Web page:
‘It’s the difference between a good day and a bad day’: Hotline helps those mentally impacted by pandemic

Emergency Management Director Craig Camidge and says coping with COVID-19 related stress could...
Emergency Management Director Craig Camidge and says coping with COVID-19 related stress could just be a phone call away with the VA C.O.P.E.S. Warmline.(NBC12)
Published: Aug. 5, 2020 at 1:34 PM EDT
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RICHMOND, Va. (WWBT) - During this period of living in isolation from the pandemic, it can be tough to manage stress, especially when there are fewer people around to talk to. It’s caused the Department of Behavioral Health to launch a free crisis counseling hotline for anyone impacted by COVID-19.

“A hotline is something you use for an immediate need emergency. Think 911, but our Warmline is somewhat different,” said Office of Emergency Management Director Craig Camidge. “Seven days a week, an individual who’s not experiencing an immediate crisis can pick up the phone call or text our Warmline operators and find somebody to talk to about the stresses and challenges that come with COVID-19 on top of everything else.”

The call line was created by Virginia C.O.P.E.S. which stands for compassionate, optimistic, person-centered, empowering support. Warmline is a joint venture between the Department of Behavioral Services and the Department of Emergency Management. Camidge said the program was made possible through a federal program with the Substance Abuse Mental Health Services Administration.

“Even if you’re managing everything well sometimes that one additional piece and now it’s on top of you,” said Camidge. “Our stakeholders are Virginians and they’re some of Virginia’s most vulnerable populations.”

Warmline can be used to provide peer support, to help you identify coping strategies, local area resources, and support groups, allow you to vent without bias, all to support you and your mental health.

“Enough Virginians have been negatively impacted by COVID-19 that Virginia qualified for this program and the partnerships between DBHDS and VADEM helped to make that reality,” said Camidge.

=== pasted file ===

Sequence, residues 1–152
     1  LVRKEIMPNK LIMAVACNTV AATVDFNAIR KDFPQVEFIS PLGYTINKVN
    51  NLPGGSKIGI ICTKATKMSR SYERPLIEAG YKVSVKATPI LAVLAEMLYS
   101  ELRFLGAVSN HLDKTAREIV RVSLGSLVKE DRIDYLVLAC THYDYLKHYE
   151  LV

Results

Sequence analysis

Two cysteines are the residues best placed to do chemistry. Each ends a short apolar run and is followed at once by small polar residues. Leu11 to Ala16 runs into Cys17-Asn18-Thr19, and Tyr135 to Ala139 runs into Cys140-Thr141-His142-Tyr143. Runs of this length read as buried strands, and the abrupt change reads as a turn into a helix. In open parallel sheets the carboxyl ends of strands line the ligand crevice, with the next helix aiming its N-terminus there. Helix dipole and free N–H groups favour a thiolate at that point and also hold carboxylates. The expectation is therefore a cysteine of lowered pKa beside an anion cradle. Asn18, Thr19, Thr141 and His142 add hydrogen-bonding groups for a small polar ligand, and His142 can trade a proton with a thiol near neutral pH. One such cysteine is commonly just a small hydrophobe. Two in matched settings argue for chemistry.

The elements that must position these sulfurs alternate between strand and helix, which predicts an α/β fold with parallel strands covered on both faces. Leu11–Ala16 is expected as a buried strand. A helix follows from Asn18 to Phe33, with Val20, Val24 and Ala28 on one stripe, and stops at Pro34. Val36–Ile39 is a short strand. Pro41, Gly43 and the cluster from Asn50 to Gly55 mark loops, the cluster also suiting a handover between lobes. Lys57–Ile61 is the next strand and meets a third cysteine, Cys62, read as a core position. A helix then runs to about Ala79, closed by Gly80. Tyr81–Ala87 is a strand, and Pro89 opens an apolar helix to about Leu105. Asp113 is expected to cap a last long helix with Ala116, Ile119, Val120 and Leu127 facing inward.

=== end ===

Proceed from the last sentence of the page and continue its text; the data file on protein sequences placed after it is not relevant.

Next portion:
A further partnership between the Virginia Association of Community Services Boards and Mental Health America Virginia partnered with DBHDS to help make the call line a reality in May.

“One of the things that our Warmline operators are trained in is active or even reflective listening,” said Camidge. “Somebody to talk to who’s going to listen to you non-judgementally... who’s not going to push back on any of your feelings and is truly only on the other end of the line to help you... it’s the difference between a good day and a bad day.”

Warmline operators can connect callers with resources like food banks, housing and even COVID-19 testing.

“We have the ability to make referrals to more in-depth resources if a caller says needed clinical behavioral health assistance or even medical assistance,” said Camidge.

A Warmline is not a hotline, which is for individuals in need of emergency services. If you are in crisis, please call the National Crisis Hotlines 1-800-273-8255, or 911.

If you think you could benefit from the Warmline, you can call the service at 877-349-6428. For more information on the services, VA C.O.P.E.S. provides click HERE.

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